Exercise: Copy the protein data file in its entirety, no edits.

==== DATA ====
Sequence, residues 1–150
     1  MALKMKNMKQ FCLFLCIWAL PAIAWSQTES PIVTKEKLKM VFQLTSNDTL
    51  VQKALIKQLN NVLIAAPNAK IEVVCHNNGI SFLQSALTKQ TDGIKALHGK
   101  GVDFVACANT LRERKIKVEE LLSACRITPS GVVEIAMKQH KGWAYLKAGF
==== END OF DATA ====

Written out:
Sequence, residues 1–150
     1  MALKMKNMKQ FCLFLCIWAL PAIAWSQTES PIVTKEKLKM VFQLTSNDTL
    51  VQKALIKQLN NVLIAAPNAK IEVVCHNNGI SFLQSALTKQ TDGIKALHGK
   101  GVDFVACANT LRERKIKVEE LLSACRITPS GVVEIAMKQH KGWAYLKAGF